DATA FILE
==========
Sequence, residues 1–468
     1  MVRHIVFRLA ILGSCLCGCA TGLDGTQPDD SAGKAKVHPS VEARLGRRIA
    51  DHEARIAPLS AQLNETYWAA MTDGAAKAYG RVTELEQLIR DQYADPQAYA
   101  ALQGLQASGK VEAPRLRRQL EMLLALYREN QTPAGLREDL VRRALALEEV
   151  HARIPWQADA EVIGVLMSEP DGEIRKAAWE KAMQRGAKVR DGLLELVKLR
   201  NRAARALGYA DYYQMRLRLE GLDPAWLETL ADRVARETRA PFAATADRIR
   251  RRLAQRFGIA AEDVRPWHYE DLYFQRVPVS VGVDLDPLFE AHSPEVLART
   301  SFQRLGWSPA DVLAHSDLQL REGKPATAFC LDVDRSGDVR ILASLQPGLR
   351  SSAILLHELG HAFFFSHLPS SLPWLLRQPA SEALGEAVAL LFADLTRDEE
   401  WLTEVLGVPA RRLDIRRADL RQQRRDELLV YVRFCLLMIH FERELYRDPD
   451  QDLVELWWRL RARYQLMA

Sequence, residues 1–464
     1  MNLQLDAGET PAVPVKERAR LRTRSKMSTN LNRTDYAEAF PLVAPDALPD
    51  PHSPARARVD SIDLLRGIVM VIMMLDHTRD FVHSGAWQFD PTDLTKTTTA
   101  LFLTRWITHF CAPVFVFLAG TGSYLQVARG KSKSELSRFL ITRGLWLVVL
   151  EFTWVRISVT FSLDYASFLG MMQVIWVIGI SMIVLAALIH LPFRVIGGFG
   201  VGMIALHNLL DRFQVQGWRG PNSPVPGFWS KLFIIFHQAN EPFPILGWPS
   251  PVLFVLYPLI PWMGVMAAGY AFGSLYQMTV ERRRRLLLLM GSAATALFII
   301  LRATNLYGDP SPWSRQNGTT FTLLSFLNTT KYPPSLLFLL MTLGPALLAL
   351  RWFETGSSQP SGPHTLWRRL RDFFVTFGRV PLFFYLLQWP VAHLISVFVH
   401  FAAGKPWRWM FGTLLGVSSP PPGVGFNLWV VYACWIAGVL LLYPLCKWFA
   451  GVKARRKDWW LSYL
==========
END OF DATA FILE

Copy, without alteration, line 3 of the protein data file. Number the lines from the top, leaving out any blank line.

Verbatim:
    51  DHEARIAPLS AQLNETYWAA MTDGAAKAYG RVTELEQLIR DQYADPQAYA